Goldman Sachs Sees Double-Dip Recession in Europe Amid Lockdowns

Serious implications arise from governmental shutdowns. The success or failure of an outcome may come down simply to how it affects most people. Of course, there is also the weighing of economic destruction versus the number of lives saved.

With Germany and France entering into forced lockdowns again, followed by the United Kingdom, Goldman Sachs is calling for another negative quarter in Europe’s gross domestic product. The firm sees a sharp contraction in the fourth quarter with eurozone real GDP falling by 2.3%.

While a 2.3% contraction may not seem bad, considering the forced lockdowns, Goldman Sachs previously had forecast that real GDP in the eurozone would rise by 2.2%. In short, the newer call is that double-dip recession scenario that investors, economists, business owners and workers all wanted to avoid.

One thing to consider here is that the European snapback recovery in the third quarter was nothing at all like it was in the United States. Third-quarter eurozone GDP was released with a 12.7% growth report. That is impressive on the surface, and it was stronger than what economists were calling for.

The European recovery just was not the same as what was seen in the United States. The initial report indicated that the third quarter’s real GDP increased by 33.1% on an annualized rate in the United States. That was after the second quarter saw a 31.4% real GDP contraction.

Note that there are expectations in the eurozone outlook that Italy and Spain will follow France and Germany with lockdowns. While some of the lockdown efforts are expected to be for roughly a month, Goldman Sachs sees the new restrictions lasting for three months in the eurozone, with a gradual starting back up in February.

On a country-by-country basis, here is how Goldman Sachs sees fourth-quarter GDP in the major economies:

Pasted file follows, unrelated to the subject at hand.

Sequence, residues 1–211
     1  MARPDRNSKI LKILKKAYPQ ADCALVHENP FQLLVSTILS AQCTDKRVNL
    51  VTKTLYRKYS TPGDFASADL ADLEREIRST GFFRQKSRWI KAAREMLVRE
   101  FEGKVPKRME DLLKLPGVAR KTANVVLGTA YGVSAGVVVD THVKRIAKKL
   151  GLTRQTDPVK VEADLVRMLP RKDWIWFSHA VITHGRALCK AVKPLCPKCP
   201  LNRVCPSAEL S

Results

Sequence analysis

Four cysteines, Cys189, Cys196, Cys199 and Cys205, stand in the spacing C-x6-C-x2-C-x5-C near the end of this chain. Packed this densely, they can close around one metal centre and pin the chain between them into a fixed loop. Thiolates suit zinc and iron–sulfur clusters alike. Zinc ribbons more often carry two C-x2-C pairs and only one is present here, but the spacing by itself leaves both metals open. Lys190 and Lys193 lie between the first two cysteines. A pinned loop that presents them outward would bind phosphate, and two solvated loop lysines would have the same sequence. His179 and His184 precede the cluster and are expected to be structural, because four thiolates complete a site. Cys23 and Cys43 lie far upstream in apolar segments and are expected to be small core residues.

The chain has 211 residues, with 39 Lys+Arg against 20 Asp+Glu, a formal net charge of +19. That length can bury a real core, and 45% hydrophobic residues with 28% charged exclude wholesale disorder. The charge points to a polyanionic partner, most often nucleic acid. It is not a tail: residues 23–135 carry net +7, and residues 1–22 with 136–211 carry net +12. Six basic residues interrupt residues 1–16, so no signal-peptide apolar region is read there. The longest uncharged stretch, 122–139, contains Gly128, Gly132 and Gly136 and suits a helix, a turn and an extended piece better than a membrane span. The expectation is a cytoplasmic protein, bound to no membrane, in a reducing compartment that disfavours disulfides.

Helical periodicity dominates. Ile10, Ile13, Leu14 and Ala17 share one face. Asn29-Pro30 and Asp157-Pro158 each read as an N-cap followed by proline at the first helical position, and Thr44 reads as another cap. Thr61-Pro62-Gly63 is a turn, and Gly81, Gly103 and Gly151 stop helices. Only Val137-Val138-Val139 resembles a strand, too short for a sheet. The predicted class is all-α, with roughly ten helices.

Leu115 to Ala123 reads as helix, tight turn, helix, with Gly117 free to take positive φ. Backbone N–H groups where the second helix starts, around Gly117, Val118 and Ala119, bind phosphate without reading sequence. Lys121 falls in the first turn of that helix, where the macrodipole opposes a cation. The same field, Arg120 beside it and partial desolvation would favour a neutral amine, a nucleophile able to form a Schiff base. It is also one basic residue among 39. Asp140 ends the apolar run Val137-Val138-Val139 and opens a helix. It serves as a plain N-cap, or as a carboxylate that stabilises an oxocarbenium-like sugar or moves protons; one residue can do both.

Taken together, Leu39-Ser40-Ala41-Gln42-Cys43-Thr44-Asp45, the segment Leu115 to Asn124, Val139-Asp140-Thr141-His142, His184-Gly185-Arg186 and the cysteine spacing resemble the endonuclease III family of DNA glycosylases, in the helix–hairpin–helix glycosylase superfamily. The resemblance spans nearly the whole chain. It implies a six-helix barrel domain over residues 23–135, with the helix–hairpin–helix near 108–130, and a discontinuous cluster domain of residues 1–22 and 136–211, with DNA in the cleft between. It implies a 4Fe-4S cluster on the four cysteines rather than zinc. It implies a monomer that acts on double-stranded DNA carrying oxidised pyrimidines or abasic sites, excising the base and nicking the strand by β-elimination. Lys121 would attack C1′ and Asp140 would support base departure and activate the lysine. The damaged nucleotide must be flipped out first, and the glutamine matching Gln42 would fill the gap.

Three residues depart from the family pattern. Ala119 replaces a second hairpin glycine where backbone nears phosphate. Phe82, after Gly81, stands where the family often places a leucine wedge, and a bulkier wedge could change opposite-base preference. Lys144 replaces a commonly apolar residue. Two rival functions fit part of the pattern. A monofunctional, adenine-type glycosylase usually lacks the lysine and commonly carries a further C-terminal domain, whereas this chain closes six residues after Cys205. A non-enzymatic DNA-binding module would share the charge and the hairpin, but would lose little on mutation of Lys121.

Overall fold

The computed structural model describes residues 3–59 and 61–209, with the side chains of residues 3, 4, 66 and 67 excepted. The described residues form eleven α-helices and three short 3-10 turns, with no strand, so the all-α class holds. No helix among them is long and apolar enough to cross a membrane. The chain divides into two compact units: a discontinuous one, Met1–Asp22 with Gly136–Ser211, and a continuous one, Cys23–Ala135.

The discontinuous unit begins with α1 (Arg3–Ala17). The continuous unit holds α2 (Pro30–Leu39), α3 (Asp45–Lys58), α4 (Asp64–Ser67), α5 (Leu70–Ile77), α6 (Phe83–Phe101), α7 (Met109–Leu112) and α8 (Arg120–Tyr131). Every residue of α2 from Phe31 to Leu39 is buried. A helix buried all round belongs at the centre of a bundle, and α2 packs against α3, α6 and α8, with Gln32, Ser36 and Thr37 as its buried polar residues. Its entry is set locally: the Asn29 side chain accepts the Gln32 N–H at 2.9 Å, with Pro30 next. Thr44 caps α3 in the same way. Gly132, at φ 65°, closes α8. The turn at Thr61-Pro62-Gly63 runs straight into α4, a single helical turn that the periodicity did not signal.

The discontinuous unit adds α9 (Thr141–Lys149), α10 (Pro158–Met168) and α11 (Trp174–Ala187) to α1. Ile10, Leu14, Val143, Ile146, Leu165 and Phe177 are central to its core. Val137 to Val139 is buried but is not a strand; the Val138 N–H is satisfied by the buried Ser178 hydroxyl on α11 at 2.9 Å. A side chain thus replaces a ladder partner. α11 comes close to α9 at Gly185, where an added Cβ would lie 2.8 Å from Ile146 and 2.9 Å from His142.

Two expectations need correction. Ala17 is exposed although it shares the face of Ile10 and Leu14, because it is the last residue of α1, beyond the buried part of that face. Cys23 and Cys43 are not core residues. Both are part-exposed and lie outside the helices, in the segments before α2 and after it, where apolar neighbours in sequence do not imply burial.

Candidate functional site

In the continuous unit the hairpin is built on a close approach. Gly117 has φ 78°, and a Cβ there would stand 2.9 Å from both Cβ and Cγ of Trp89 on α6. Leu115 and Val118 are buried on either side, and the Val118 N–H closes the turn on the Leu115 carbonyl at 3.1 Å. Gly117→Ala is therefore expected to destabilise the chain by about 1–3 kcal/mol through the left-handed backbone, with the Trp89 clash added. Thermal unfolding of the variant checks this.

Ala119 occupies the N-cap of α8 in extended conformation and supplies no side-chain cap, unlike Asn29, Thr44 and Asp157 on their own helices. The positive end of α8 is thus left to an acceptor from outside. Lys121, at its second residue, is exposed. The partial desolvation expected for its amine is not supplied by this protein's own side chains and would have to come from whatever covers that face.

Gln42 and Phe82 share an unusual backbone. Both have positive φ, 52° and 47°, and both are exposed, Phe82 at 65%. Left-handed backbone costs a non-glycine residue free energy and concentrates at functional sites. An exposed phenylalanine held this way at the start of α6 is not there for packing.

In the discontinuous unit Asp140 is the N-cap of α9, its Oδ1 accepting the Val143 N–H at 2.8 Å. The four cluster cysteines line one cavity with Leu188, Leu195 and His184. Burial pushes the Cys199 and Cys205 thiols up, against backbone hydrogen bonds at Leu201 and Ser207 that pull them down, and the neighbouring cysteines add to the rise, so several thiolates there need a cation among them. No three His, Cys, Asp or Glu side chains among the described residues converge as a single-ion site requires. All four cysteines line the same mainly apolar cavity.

• Germany: −1.5%
  • France: −3.8%
  • Spain: −2.3%
  • Italy: −1.5%

Perhaps the only good news in the updated forecast is that the contraction that awaits is likely to be far less than what occurred earlier in 2020. Also acting as a 2021 catalyst is the expectation that one of the coronavirus vaccines will be widely available by the third quarter of 2021. That is expected to be met by monetary and fiscal support at the government level and strong global growth with stronger growth in the eurozone starting in the second quarter of 2021.

As for the United Kingdom and its new lockdown efforts announced over the weekend, Goldman Sachs sees a 2.4% contraction in its real GDP, with 0.4% growth expected in the first quarter of 2021. The firm originally had projected 3.6% growth in U.K. real GDP for the fourth quarter of 2020.

Lockdowns are a tricky business. This time around, the lockdowns will include the contribution of most factories and delivery services and other services that have been deemed essential. Unfortunately, no economy can vibrant and healthy by any measure when the population is in lockdown mode and unable to go anywhere.

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